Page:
From the outside of St. Paul’s the grandeur of the building leaves you speechless. To even capture the building, with the details that it has in a small camera was impossible.
Slowly one by one a soul enters into St. Paul's Cathedral and the sight of the murals, stained glass windows, statues, people and just the whole magnificence of it hits you.
I have never been to a catholic mass before, so I knew that I had to observe and see how things were being done amongst everyone else. The book “Ways of Seeing” by John Berger, he explains that what we see is what makes our thoughts come together. With that, I would observe the people around me and the people who were leading the mass. What I saw with my eyes and what people were doing around me, I put into practice. When people would stand and read off of the paper, I would do the same.
It amazed me that people knew when to stand up, sit down, and when to respond back to the leader of the church. Also the music that was coming out from the choir and the organist was beautiful. I have heard music like that on a cd or on the television, but to be surround by it and in the middle of it all was too much for words. From where I was sitting, I could see a guy in the choir covering one ear while he was singing so that he could hear himself more. The echo that the church was giving back when the choir and congregation was singing was a bit hard because you would hear twice the voices around and it could also throw someone off their tune or even the words they were singing. But the professionalism that the choir had and also the congregation was very inspiring.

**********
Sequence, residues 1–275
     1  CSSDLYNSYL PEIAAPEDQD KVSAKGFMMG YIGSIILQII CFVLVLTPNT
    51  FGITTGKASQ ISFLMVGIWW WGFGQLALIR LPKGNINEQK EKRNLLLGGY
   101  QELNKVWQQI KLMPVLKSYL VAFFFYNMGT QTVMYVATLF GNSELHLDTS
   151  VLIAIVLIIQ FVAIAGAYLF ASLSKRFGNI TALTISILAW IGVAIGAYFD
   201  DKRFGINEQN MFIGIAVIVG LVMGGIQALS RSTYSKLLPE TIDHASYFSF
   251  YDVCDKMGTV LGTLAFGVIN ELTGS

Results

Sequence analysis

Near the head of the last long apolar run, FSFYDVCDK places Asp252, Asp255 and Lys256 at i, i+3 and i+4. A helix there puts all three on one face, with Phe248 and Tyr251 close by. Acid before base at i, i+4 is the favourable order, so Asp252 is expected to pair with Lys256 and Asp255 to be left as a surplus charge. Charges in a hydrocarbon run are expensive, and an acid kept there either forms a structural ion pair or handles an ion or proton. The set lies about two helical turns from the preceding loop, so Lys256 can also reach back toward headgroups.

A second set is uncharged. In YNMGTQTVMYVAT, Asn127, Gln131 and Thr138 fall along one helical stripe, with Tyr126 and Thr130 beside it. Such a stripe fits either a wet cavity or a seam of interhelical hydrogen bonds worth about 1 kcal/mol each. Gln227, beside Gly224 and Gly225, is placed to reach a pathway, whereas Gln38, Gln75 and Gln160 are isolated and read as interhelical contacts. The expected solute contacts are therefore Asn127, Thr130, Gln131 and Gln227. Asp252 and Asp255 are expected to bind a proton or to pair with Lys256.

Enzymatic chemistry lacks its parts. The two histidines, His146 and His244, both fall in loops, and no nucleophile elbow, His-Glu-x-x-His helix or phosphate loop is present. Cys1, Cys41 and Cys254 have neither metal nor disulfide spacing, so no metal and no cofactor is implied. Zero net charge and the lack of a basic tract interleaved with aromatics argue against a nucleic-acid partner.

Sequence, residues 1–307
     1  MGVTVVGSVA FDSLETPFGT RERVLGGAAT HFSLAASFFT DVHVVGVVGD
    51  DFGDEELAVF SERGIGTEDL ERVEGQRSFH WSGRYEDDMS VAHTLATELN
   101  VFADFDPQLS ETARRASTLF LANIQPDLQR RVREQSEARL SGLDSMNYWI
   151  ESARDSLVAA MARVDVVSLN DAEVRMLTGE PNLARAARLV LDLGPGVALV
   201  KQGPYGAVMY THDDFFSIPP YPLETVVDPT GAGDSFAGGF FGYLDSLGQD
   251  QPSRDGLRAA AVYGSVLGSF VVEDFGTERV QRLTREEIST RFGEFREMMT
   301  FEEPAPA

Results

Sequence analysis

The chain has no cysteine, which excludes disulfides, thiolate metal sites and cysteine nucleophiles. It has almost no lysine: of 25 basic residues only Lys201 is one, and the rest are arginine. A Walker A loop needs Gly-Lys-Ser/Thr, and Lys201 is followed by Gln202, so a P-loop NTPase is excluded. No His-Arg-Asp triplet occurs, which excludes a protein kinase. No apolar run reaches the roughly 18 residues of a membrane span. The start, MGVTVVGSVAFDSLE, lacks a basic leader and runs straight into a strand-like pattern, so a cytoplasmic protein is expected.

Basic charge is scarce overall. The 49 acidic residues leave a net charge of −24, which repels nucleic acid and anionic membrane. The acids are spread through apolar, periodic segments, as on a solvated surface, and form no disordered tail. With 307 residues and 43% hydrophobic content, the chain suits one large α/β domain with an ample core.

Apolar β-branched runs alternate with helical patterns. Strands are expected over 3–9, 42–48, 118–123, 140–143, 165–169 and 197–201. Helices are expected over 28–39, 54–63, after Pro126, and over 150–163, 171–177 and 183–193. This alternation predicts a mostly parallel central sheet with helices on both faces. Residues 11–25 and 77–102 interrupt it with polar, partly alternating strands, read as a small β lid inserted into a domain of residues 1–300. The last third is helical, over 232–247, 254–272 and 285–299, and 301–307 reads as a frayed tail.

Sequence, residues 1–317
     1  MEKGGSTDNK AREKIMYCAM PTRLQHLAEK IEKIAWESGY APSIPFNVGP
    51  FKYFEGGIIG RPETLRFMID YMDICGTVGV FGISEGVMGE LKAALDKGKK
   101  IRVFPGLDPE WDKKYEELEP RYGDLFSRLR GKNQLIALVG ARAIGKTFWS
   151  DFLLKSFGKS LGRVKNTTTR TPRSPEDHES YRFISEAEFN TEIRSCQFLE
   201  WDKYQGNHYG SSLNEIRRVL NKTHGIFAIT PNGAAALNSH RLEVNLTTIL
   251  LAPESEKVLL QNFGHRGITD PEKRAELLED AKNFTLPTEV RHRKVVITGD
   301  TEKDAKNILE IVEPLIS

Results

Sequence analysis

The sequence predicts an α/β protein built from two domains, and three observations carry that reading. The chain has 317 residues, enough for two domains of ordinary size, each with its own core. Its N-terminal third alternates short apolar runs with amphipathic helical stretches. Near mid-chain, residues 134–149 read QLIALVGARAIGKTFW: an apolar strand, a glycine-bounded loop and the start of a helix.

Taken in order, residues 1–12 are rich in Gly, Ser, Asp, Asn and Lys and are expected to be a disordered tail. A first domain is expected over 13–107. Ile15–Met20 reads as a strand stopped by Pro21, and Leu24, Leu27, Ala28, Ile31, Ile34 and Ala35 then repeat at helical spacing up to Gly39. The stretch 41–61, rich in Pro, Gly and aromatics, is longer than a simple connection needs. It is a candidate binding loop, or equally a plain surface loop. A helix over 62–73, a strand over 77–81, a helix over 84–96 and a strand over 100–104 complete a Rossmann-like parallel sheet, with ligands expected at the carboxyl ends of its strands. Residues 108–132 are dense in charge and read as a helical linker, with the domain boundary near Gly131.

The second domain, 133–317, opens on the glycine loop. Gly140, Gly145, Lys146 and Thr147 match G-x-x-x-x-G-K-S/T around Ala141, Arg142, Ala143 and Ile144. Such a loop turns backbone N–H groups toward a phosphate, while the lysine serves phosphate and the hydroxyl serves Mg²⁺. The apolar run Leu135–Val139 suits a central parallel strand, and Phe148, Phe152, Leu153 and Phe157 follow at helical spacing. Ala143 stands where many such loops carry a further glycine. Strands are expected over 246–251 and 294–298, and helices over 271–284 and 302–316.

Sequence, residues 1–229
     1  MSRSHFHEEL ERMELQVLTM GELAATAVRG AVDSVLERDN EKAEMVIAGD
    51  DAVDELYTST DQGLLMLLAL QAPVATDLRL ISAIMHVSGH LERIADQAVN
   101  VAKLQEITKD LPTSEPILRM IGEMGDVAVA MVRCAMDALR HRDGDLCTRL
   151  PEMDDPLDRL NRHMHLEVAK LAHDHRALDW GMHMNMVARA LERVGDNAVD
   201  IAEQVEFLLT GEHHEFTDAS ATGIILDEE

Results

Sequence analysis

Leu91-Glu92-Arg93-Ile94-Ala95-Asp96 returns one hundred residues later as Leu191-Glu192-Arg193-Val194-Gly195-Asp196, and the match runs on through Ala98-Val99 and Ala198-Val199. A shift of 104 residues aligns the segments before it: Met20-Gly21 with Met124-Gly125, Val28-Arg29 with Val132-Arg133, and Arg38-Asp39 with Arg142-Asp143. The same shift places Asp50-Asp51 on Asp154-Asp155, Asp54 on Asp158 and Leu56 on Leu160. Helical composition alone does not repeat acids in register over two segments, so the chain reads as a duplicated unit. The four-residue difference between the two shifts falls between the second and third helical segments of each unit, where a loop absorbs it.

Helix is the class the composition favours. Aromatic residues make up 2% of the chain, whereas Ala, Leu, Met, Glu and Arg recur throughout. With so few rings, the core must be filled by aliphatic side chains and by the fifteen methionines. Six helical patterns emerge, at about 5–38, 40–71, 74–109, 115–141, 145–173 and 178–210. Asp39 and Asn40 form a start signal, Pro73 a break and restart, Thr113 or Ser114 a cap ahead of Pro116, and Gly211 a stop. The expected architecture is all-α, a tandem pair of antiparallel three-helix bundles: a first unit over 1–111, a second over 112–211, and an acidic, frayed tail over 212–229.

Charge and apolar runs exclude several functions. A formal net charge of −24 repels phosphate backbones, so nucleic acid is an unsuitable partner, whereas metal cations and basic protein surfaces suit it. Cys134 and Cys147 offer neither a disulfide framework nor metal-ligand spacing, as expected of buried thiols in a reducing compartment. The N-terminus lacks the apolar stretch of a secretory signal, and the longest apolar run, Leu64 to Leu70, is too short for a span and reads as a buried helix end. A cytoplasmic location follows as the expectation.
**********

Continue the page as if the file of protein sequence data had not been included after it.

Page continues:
Berger says that "seeing establishes our place in the surrounding world..." and for me, being in a different type of setting or "world"I really had to see every aspect of it to really take in and understand what was going around me.